Instant pots definitely can boil water. In fact, that’s what they’re principally designed to do!
People are generally aware of the fact that instant pots generate pressure within the cooking vessel, and that’s how they cook. However, are you aware of how they actually do that?
Well, it’s quite simple. A lot of instant pot recipes will likely ask you to add in a splash of water more than the rest of the recipe might otherwise require.
The reason for that is that the water will evaporate thanks to the heating of the cooking pot, leading to steam being created. After the steam is created, the heat will continue to rise within the pot, again, thanks to the heating element.
Because steam is a vapor, it can take a lot of heat before it changes phase. Therefore, when more and more heat is supplied to the instant pot, the steam simply becomes less and less dense.
However, the instant pot is a sealed system, which means that even though the steam is becoming less dense, it won’t be able to escape. This raises the pressure within the instant pot, and over time the pressure will get to be very high indeed.
There’s a direct correlation between the amount of heat that an instant pot gets through its element and the pressure that is exerted upon the food. Therefore, it is possible to finely control the pressure within the pot so that you can cook at different temperatures.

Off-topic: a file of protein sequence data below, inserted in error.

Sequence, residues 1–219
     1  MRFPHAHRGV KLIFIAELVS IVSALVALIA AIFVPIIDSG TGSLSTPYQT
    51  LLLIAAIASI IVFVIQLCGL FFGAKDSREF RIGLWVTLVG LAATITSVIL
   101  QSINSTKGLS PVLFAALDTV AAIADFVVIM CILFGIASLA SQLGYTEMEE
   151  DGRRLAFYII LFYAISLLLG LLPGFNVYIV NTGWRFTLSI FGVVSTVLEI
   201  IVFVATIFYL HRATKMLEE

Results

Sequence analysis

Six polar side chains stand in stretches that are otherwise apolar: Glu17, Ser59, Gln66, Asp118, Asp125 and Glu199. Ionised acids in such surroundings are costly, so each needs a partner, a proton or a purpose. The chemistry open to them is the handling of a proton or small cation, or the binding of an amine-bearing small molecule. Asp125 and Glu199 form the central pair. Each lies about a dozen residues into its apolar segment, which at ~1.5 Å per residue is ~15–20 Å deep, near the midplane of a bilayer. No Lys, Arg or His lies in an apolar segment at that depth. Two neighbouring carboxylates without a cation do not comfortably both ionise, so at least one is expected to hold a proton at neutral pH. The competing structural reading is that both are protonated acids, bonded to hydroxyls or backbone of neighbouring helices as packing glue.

So, to bring things back to the all-important question, instant pots certainly can boil water. The only difference between cooking in an instant pot and boiling water there is the lack of other ingredients – aside from that, it’s all the same mechanism.
Is It Safe To Boil Water In An Instant Pot?
It definitely is safe to boil water in an instant pot. When boiling water, you need to be concerned with two things: the heat, and the splatter.
The heat kicked out by boiled or boiling water is generally considered to be dangerous in a kettle or on the stove because the outermost layer of the vessel isn’t insulated at all.
Instead, touching that outer layer would simply deliver virtually all of the heat directly to your hand. This means that you can really hurt yourself with little to no thought – even accidentally.
However, this problem won’t be had by an instant pot. In order to make instant pots as efficient as possible, there are several layers of insulation and thermal shielding between the exceptionally hot interior and the outermost layer. In fact, you can likely touch the walls of an instant pot while it is active and not feel any heat whatsoever.
Therefore, we can conclude that not only is it safe to boil water in an instant pot, at least with regards to the heat boiling water can generate.
The splatter that boiling water can produce is a well-known problem, mostly because it comes with two prongs of difficulty.
One of the prongs is the actual splatter itself which is caused by violent boiling. This can result in small portions of boiling and extremely hot water being flung across your kitchen – at least in the worst-case scenario.
The steam splatter is not quite a splatter, but it still ought to be considered in home situations. Whenever you’re boiling a kettle or a pot of water, a column of steam will rise from the water’s surface.
This column will rise to hit something, definitely, but the question is whether it will rise to hit the ceiling where it would condense and evaporate naturally, or something more sinister.